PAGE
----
Review: Cherwell for Change, Configuration and Release

logo_cherwell-softwareCherwell Service Management

This independent review is part of our Change, Configuration and Release Review.

Executive Summary

Elevator Pitch Cherwell Service Management® is a functionality-rich and user friendly tool.

The flexibility of Cherwell Service Management allows customers to automate existing change and configuration processes without the need to compromise the status quo to fit around the tool.

With Cherwell Choice™ concurrent licensing and flexible hosting model, you can choose what works best for your business — Pay-as-you-go or perpetual license, Hosted on-premise, by Cherwell or by a third party.

  • Offers multiple ways to achieve the same outcome (e.g. creating a change request) meaning that users can work whichever way best suits them and their requirements
  • Mature change calendar with drag and drop functionality and ability to create changes direct from the calendar view
  • Robust collision detection
  • Requires experience and an increased investment in time to implement release management if your existing process is complex
Primary Market Focus Based on the information provided, Cherwell Service Management is primarily a mid-market solution with the ability to be scaled-up to enterprise class organisations

Commercial Summary

Vendor Cherwell Software
Product Cherwell Service Management
Version reviewed 4.6
Date of version Release November 2013
Year Founded 2004
Customers 600+ ITSM customers worldwide
Pricing Structure Fully inclusive concurrent user usage for both perpetual and SaaS licensing models
Competitive Differentiators
  • Fully integrated management processes that are 100% configurable against an organisation’s current and future service request models, without the need to write a single line of code via programming or scripting services
  • Integrated Platform as a Service (PaaS) technology to empower users to easily develop and deliver integrated business services offerings
  • Quick, easy, and seamless system upgrades, as well as low cost of ownership for on-going system management overheads

Independent Review

Cherwell Service Management® (hereafter referred to as “CSM”) is a tool that is a relatively straightforward to use. This is not because there is only one way to achieve a particular outcome but rather that there are many ways to achieve the same goal – with the ability to choose the one that better suits your style of working, rather than having to tailor around the tool.

Cherwell admits that previously it has tried to be “everything to everyone” but that it is now working to better provide for its target audience.  With Change, Configuration and Release Management generally being somewhat “hit and miss” amongst vendors, CSM is a well-rounded tool that manages to be both straightforward and robust enough for all but the most complicated of change and release processes.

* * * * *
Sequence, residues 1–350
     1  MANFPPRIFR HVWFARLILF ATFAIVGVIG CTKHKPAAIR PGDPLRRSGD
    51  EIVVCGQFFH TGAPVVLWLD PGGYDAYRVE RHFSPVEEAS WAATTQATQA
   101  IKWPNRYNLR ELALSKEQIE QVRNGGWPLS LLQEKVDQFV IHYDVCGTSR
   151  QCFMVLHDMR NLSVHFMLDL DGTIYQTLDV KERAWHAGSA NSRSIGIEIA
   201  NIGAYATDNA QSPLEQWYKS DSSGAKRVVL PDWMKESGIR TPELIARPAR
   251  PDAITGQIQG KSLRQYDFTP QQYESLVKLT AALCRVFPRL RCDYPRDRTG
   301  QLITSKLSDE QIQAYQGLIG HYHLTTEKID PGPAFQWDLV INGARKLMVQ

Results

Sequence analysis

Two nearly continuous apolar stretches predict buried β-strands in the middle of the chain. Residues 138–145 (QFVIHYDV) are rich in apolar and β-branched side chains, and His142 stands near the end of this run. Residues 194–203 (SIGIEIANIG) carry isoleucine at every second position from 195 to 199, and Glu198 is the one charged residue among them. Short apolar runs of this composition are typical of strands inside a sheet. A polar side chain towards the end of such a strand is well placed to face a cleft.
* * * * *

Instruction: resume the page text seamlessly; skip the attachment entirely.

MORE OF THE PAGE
In ITSM Review’s opinion, CSM would be suitable for all types and sizes of organisations, except for those that already have a heavy and complex release management process in place.  Whilst we believe that it is possible to successfully configure CSM to meet more complex release needs (such as these), given the time, energy and expertise required to do so, it is likely that that an alternative tool would be a better fit for your organization.

For the vast majority of organisations, we believe that CSM has all the functionality required to compliment your change, release and configuration processes to operate an efficient and successful management service.

In our opinion, CSM looks marginally older fashioned than its rivals in this group test, but what it lacks in style, it makes up for in operation.  Easy to navigate, with all the functionality that anyone other than the most demanding release connoisseur could ever need, we see this tool as being a welcome addition to many IT organisations.


Release and changes are both created from within the change area of the tool.  Although CSM change management has solid out-of-the box functionality, which is easy to implement and is suitable for any organisation, release management almost always needs configuration by the customer.

This having been said, CSM states that it prides itself on being highly configurable without requiring scripting know-how, and we can see how with a little time and perseverance even someone brand new to the tool, like ITSM Review for example, could create a perfectly adequate, although basic, release management process with CSM.  However, if your existing release management mechanism is complex and entrenched then implementation will require a little more time and experience to ensure success.


Changes are broken down into three types;

  • Emergency
  • Standard (repeatable)
  • Normal

Each change type has it’s own thread to follow and contains templates that can be configured and set for pre-approval.

Normal changes follow a step-by-step form designed to ensure that no area is missed with the added bonus of an expanded view that shows all steps in one go.  This feature would be especially useful to newcomers or occasional change coordinators who are unsure of all the information required for a change to be submitted.  The expanded feature is only available in Read Only to ensure that all steps are completed.

When creating a change, the Risk Impact is dynamically updated by the ticking and un-ticking of certain pre-defined (and customisable) check boxes.  The priority is then easy to identify from a table that shows the impact vs. urgency.